This could certainly be the case with some concealed deposits. Take the Savoy Chapel shoes for example. These shoes, currently held at the Museum of London and detailed here, are a pair of man’s hobnailed boots found in the roof of the vestry of the Savoy Chapel, London. They originally had a scrap of wallpaper tucked inside bearing a pencil inscription, which read: ‘William Chapman/ B 3d July 1828/ this was don in 1876’. I suggested previously that perhaps the protective power of the shoe might be more potent with an explicit personal connection to its concealer. However, now I’m wondering if (over-interpretation being a common trap in the search for ritual), this pair of shoes and scrap of wallpaper were intended as a form of time capsule: as ‘time-travelling’ devices, to use Jarvis’ term (1992, ‘Modern Time Capsules’, Libraries & Culture 27: 3), in preserving information for the future.

IMG_6478Photograph courtesy of the Museum of London

The same could be said of a concealed deposit found under a late 19th-century house in Christchurch, New Zealand: a green glass bottle containing a message on a scrap of rolled up paper.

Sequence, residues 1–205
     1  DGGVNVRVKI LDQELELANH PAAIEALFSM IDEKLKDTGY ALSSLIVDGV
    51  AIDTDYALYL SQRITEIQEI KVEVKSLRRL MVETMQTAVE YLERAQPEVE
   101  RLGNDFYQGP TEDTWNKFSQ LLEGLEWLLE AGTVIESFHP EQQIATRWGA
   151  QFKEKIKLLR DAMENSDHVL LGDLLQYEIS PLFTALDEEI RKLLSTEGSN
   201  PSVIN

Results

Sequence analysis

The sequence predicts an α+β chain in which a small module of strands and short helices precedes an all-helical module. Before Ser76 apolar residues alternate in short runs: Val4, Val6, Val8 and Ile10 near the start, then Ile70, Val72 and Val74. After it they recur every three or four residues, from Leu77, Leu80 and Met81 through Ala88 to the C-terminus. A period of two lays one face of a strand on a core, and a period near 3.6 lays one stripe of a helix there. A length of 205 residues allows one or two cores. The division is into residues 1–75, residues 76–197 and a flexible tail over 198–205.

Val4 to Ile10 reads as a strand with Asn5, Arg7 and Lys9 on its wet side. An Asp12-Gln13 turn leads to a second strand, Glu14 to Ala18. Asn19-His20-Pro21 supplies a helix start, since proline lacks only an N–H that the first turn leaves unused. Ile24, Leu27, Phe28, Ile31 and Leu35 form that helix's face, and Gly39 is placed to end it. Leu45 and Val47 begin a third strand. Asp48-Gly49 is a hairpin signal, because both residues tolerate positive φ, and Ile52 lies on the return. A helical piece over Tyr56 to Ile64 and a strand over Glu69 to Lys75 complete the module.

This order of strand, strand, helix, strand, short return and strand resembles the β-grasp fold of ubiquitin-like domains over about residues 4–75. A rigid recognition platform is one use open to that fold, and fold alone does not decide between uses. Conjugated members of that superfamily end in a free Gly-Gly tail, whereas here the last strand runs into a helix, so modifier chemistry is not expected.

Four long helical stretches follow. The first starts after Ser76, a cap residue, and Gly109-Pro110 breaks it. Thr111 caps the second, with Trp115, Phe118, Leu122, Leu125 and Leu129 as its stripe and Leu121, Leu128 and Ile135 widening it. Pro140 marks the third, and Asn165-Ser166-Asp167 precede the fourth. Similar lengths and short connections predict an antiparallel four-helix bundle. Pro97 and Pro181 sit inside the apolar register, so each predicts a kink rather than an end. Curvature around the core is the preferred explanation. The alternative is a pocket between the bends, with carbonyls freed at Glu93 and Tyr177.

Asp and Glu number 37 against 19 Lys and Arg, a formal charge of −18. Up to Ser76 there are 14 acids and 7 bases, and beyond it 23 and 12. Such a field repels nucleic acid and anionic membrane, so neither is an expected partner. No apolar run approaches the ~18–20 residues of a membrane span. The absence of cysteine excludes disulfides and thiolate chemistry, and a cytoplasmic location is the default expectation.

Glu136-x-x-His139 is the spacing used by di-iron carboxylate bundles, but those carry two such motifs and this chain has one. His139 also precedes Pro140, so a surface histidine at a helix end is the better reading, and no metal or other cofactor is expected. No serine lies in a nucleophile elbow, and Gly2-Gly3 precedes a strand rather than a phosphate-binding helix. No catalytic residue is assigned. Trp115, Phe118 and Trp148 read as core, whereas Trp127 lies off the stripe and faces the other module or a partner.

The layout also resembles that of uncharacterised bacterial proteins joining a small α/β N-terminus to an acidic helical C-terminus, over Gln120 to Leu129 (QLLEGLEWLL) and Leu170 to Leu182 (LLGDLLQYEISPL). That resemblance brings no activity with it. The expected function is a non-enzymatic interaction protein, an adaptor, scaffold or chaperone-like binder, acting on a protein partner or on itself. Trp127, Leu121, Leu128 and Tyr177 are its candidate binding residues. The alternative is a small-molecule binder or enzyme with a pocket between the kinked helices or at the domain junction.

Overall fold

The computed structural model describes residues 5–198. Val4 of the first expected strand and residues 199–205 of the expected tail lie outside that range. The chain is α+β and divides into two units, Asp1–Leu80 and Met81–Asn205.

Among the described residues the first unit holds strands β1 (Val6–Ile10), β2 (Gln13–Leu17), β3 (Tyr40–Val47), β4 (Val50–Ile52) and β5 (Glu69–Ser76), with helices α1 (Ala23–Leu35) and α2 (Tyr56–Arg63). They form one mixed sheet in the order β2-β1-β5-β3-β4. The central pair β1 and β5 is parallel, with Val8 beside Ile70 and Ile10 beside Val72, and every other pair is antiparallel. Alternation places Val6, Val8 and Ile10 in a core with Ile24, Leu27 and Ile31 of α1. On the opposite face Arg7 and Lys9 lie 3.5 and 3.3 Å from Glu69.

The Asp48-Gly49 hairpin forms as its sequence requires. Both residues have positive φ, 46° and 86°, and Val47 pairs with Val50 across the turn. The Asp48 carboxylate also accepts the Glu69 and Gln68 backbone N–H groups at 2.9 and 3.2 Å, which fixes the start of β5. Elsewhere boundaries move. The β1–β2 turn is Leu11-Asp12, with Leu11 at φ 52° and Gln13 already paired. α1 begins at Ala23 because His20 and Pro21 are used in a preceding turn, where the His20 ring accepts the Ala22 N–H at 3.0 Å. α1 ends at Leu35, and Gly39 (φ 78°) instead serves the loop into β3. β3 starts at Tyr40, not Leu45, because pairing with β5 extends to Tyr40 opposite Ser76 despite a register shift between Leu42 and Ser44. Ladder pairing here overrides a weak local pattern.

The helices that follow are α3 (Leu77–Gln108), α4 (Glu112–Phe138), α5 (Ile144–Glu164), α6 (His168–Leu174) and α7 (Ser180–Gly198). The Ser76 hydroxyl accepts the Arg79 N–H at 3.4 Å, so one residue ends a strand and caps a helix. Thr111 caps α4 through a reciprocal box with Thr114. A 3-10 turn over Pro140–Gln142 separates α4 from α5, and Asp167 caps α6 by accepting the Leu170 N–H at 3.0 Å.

Christchurch Bottle

Christchurch MessagePhotographs courtesy of Jessie Garland, Underground Overground Archaeology

The writing is hard to make out but says something along the lines of: ‘This bottel [sic] was put here by the Hon ? on the 20 day of ? 1887 in the year of our Father and Saviour Jesus Christ, amen amen. Witness David Baxter(?)’ The finders, Underground Overground Archaeology (take a look at their blog here), think it may have been some form of 19th-century builders’ prank, possibly parodying the more formal time capsules of the time. But whether it was done in earnest or in jest, it certainly shows that not all concealed bottles are “witch-bottles” – a notion I’ve explored on the Inner Lives blog here.

Obviously time capsules differ from these kinds of concealed deposits because they usually have an officially assigned date for being unsealed, whereas the Savoy Chapel shoes and the Christchurch bottle were stumbled upon by chance. As far as we know their concealers, ‘William Chapman’ and ‘David Baxter’, had no specific date in mind for the finding of their deposits, but it still seems likely that their messages were intended to be read by future finders. So is eventual discovery actually the ultimate goal of concealment?

I certainly don’t think that this is the case with all concealed deposits; some appear to have been hidden away with irretrievability as the primary aim. But I do think that ‘time capsule mentality’ might account for some examples, and so we’ve added a ‘Time Capsules’ category on our Historypin collection of concealed deposits, hopefully to be populated soon.

Horse Brasses up Chimneybreasts